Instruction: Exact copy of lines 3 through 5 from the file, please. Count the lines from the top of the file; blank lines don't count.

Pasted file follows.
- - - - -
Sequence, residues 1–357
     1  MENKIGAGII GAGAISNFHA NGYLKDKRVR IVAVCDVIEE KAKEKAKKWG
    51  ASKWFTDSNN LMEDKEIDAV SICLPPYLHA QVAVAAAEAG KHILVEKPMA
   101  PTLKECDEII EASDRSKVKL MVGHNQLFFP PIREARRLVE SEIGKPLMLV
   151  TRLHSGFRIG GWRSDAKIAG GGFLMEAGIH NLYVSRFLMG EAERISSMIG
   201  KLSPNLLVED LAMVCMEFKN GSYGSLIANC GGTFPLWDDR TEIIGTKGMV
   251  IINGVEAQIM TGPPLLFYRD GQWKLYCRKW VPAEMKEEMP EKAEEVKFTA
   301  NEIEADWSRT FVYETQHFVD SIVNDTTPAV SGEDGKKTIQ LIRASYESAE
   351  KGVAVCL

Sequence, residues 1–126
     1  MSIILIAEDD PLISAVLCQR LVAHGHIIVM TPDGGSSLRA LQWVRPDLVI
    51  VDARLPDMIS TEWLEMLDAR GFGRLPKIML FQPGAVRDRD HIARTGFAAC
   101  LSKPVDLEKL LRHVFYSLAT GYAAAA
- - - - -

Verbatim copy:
    51  ASKWFTDSNN LMEDKEIDAV SICLPPYLHA QVAVAAAEAG KHILVEKPMA
   101  PTLKECDEII EASDRSKVKL MVGHNQLFFP PIREARRLVE SEIGKPLMLV
   151  TRLHSGFRIG GWRSDAKIAG GGFLMEAGIH NLYVSRFLMG EAERISSMIG